Another member of The Leading Hotels of the World, The Landmark, has a magnificent atrium, which makes you forget you are in London. The strong tropical light erases any memory of dismal grey skies. The grand lobby, with its dramatic staircase, the enchanting use of duck egg blue and clotted cream whites in the decor, and the Mirror Bar with its Rajasthan-inspired use of refraction are all good reasons to hang your hat at The Landmark. We were impressed by the sheer size of our room—practically an apartment and thoughtfully embellished with a grand sofa and windows overlooking a serene street. There’s an enormous chlorine- free pool and a spa (with chakra stone massage—which sounded dubiously Californian to us). While the green solace of Regent’s Park is nearby, be warned that one side of this hotel faces a busy street. But once in your room, it is quiet as a cathedral. We encourage breakfast at The Landmark, as also the Sunday brunch, which is basically an endless and rapturous feast (team the bubbly with their salmon nigiri sushi).


Hotelier Samyukta Nair, whose grandfather, Captain Nair, founded The Leela Group of Hotels, wears many hats. She heads design at the Leela Hotels. Clove is a popular design store she founded. And Jamavar, her flagship London restaurant, won its first Michelin star. When Travel+Leisure India swung by, the restaurant was rippling over capacity, reminding us why celebrated food critic Fay Maschler has been raving about this inventive and dazzling new restaurant. Don’t forget to call in the pepper squid with tellicherry sauce— light, hot, marvellous. We didn’t expect to be delighted by sushi at Laurent, the restaurant at the sumptuous Hotel Café Royal.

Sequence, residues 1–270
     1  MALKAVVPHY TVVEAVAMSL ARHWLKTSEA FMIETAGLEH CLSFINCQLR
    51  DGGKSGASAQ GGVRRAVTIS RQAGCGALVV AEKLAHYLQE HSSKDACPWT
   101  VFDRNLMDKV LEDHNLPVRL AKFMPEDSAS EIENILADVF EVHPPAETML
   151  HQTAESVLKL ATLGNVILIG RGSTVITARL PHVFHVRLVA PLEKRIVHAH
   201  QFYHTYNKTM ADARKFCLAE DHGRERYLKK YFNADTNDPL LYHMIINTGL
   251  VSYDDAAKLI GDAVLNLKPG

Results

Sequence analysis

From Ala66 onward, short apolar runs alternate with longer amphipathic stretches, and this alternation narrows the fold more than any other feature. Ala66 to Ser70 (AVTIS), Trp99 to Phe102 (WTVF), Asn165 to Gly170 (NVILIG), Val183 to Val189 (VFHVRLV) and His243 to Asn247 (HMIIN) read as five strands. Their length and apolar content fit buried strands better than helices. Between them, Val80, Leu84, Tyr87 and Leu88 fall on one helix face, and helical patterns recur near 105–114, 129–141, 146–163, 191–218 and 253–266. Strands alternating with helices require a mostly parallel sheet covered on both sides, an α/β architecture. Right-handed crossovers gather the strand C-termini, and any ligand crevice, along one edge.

We might even write a poem on their bread—a baked popover—which had swiftly shed its breadness and arrived in echoes of gouda, a scrapping of cheddar, and that pepper-infused crust of lusciousness. But we remain diehard fans of Laurent’s grilled octopus with lemon aioli. Coupled with the restaurant’s sleek decor, you can hide at lunch pretending you’re cutting million dollar deals while browsing Net-a-Porter!


LUNCH During daytime, the Michelin-star restaurant of Céleste at The Lanesborough, Oetker Collection, is awash with natural light, let in by its domed glass roof. The meals showcase the finest British heritage, thanks to Chef Patron, Éric Fréchon, who holds five Michelin stars and oversees the menu at this dazzling diner. You can also book a spot for their special festive dinners, wine tastings, or masterclasses.

AFTERNOON TEA Don’t go without the very English afternoon tea experience. And where better to have it than The English Tea Room at Brown’s Hotel, London’s first hotel and the place that Queen Victoria often chose for her royal cuppa.

DINNER Awarded two AA Rosettes, the Winter Garden at The Landmark London offers a modern European dining experience with impeccable service in a setting that includes palms and an eight- storey glass atrium.

SPECIAL TREAT The Gilbert Scott enjoys a historic 19th-century setting at the St. Pancras Renaissance Hotel in Kings Cross. Go beyond the usual fare and book yourself a seat
at the crescent-shaped Chef’s Table, surrounded by a wall of exquisite wines. Overlooking
the restaurant’s engine room, the experience involves a surprise tasting menu whipped up in front of you.